London to Sydney 2005 travel blog

Selling by the side of the road

Misty scenery

Less misty scenery

Terraced cultivation

Land slip being cleared

Other road users

Crops being dried on the road

We have had a very mountainous day of driving. We have been expecting the big mountain crossing day to be tomorrow, so if today was just a warm up we are in for something special tomorrow. We headed West fron Ya'an and were immediately on a smallish road and climbing up harpin bends. We managed to get ahead of a line of trucks and had a lovely drive up a quite good road, stopping to buy bananas and some rather disappointing toffee coated crab apples on a stick. I tried to explain to some bystanders where we had come from and to my horror the dirt on the road had been so bad that the map on the side of the car was completely brown and illegible. They helped clear some of the names with their fingers and find Ya'an. Apart from the crab apples our stop was a tactical error as we allowed all the slow trucks to pass us and spent the next 20 minutes overtaking them again along a road that waas getting increasingly worse.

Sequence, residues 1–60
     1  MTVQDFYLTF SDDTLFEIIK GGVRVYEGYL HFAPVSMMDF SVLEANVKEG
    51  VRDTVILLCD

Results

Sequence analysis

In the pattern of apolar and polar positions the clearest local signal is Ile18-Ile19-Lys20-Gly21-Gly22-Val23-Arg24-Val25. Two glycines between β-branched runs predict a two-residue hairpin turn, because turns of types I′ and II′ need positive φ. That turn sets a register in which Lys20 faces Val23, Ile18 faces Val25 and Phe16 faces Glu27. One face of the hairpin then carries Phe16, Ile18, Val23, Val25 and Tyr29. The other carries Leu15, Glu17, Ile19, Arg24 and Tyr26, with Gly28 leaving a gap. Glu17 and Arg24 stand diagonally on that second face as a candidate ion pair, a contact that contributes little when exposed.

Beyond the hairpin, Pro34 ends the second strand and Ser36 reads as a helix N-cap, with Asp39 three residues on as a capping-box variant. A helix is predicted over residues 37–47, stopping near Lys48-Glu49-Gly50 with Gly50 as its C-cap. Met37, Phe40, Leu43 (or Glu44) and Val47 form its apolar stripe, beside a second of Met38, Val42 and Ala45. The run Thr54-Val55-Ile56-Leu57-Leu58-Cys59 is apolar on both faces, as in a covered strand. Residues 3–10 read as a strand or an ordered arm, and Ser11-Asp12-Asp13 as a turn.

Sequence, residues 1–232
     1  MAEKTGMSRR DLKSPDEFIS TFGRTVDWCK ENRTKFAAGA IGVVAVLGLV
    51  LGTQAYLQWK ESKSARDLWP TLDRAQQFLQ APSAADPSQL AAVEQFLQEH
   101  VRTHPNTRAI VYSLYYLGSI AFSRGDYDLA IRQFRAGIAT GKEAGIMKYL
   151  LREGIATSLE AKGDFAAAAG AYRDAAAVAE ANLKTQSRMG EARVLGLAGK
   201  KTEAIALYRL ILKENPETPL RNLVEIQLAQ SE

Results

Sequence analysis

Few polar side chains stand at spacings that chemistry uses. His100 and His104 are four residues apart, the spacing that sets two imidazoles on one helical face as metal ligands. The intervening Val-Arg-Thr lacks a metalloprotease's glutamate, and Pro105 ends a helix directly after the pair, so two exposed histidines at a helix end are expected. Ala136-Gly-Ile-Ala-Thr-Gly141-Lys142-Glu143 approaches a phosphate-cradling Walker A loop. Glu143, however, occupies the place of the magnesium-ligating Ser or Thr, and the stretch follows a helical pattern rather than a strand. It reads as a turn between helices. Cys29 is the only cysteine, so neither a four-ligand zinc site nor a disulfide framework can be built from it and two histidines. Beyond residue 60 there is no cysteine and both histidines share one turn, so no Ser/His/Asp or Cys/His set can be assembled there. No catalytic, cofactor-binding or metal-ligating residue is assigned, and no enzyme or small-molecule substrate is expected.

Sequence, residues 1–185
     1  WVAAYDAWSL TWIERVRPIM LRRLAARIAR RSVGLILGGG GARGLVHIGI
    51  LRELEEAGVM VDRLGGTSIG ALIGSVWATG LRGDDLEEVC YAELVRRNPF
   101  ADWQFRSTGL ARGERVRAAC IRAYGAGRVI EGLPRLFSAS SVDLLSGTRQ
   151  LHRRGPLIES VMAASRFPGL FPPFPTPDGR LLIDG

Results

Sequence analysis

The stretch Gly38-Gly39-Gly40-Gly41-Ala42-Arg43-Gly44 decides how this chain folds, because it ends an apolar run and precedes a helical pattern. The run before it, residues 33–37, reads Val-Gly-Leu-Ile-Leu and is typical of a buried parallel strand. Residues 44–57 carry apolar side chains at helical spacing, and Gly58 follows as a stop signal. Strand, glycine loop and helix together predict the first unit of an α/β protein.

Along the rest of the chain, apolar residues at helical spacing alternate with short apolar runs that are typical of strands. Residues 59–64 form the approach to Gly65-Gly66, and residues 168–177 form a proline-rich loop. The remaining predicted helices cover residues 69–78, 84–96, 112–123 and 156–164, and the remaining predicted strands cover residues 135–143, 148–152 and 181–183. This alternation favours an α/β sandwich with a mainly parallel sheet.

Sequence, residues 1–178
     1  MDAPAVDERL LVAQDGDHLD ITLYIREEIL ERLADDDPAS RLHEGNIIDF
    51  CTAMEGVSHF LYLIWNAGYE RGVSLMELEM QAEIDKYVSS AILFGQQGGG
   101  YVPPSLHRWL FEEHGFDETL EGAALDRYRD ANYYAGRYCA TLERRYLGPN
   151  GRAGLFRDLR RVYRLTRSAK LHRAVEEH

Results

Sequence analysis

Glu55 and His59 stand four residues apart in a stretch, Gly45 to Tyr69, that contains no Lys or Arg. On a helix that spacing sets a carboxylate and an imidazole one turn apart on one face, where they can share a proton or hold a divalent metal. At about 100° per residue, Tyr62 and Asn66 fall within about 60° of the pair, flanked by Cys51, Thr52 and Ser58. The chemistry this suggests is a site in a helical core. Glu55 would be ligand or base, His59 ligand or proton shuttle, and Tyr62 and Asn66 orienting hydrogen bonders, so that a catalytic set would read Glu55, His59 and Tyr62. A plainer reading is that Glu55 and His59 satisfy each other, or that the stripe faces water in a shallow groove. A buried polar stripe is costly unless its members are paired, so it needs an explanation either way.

For large stretches there was no surface on the road apart from crudely dumped rocks that were formed into ridges by the trucks. At one landslip they were clearing a huge mound with a digger and we waited until we had a clear passage. The valley was very steep on both sides and we follwed a white river in the bottom and houses and terraced fields clinging to the sides. It was cloudy to begin with and then foggy as we climbed, but at the top of the first 2400m high pass we came out above the clouds and on the other side of the mountain it was sunny.

We stopped for lunch in a small town and ate our sandwiches beside the river before sitting at a cafe to have very fresh green tea and a shoe shine.

In the afternoon the road got atrocious with rough rocks, shallow fords and deep ruts. The car managed supremely well and we rode over everything, but nearly ran out of petrol when there was yet another high climb and 60 miles since the last petrol station.

We arrived in Xichang which is the centre of the Chinese space programme, but have not seen a real rocket yet.

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